They are used for transmitting an audio signal from a guitar amplifier into the air.
They aren’t actually amplifiers themselves, although people often confuse them for “Guitar Amplifiers”.
When you say guitar amp, people usually think of the whole stack, which includes the cab and the head. (People often call the amplifier unit the “Amp Head”.) Although this is called a combo amplifier.
Technically the amplifier is the electric circuit that amplifies the raw signal from an electric guitar’s pickups.
The amplifier (head) sends these larger signals to the drivers of the loudspeakers in a cabinet. This causes the loudspeakers to vibrate, creating the loud, audible sound of an electrified guitar.
Many modern amplifiers are all-in-one (combo), which means they are essentially an amplifier built into a guitar cab. However, most professional amplification systems revolve around using separate amplifiers and guitar cabs.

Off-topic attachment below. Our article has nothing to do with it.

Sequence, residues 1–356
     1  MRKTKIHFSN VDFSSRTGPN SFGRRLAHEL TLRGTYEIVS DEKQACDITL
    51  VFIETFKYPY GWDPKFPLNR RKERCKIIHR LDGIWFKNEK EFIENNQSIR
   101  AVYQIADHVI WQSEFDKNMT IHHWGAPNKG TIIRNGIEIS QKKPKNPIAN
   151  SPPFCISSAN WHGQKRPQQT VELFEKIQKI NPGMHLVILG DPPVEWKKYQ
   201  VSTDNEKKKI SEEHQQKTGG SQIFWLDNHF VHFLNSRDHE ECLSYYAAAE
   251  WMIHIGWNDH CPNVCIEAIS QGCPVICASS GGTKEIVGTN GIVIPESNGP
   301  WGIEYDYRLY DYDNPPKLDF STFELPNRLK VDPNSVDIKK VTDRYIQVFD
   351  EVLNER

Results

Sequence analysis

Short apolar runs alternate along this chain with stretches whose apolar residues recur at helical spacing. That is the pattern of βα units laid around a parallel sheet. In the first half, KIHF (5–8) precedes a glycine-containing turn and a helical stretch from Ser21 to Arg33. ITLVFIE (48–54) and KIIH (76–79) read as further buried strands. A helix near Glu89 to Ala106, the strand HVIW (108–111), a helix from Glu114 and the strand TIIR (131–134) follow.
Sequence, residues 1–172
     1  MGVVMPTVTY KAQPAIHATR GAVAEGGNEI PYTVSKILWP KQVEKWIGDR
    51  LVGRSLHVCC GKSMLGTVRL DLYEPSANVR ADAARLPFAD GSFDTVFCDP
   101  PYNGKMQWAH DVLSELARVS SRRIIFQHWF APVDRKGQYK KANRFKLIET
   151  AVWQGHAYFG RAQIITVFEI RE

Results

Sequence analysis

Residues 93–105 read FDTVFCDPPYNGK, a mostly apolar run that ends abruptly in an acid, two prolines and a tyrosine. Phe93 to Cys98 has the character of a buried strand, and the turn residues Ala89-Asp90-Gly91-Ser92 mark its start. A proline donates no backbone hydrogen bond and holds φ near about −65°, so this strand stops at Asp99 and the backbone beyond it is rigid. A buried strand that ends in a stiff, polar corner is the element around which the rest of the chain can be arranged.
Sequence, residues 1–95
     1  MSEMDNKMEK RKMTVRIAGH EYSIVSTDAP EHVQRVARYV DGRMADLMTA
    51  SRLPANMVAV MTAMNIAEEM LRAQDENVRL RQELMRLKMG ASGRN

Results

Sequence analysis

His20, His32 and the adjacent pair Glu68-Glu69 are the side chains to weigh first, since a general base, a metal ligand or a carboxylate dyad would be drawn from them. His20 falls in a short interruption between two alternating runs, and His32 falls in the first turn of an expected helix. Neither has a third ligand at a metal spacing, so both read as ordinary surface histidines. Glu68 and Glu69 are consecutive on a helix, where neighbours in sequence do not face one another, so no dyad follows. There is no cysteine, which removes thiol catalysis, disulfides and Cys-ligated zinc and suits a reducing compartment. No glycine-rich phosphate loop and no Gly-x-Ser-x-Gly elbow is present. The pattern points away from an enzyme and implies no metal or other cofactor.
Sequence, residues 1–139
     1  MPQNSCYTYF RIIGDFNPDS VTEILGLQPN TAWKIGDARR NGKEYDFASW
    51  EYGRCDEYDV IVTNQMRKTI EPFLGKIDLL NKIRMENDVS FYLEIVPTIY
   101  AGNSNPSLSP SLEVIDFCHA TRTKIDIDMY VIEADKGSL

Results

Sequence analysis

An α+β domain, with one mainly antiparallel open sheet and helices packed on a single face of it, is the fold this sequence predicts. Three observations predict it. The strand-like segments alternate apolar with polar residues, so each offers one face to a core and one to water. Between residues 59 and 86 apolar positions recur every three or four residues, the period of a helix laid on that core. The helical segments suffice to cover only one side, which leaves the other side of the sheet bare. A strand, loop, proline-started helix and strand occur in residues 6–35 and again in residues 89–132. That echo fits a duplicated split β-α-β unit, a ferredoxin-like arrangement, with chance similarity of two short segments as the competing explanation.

This means that guitarists can match different cabs and heads together to create their own unique tone combinations.
Guitar Cabinet Sizes in Detail
When you look through guitar cabinet catalogs, you’ll see the vast number of speaker configurations available. With some cabinet models having different options within their range.
Do you want a beastly 4 x 12? Or maybe a humble 1 x 12. But what do these numbers mean? And how does it affect the sound? The formula is derived from (Speaker count X speaker size in inches).
For example, a 2 x 12 cab houses two 12” speaker cones.
The most common sizes for guitar cabs are 1×12, 2×12 and 4×12.
Bass amp sizes are different, sometimes using 8” or 10” speakers.